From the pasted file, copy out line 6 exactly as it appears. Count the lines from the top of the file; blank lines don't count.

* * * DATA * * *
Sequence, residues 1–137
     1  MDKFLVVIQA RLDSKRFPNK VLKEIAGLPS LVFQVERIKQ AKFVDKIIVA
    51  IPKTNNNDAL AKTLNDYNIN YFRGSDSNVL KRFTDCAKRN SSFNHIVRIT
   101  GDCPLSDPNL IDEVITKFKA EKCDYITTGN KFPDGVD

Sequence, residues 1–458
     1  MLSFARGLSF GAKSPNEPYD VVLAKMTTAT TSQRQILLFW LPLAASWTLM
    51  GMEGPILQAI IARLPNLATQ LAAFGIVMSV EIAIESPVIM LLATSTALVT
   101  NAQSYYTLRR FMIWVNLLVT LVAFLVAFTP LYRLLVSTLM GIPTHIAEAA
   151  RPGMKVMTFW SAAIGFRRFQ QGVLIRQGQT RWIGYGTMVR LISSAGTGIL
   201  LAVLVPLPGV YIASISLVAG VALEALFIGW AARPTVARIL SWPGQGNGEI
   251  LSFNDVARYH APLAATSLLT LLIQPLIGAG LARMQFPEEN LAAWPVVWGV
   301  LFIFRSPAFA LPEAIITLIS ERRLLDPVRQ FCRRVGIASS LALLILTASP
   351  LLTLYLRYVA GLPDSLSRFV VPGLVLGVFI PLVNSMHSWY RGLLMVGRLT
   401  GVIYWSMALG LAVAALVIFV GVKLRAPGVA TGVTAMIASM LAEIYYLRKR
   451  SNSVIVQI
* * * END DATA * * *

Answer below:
     1  MLSFARGLSF GAKSPNEPYD VVLAKMTTAT TSQRQILLFW LPLAASWTLM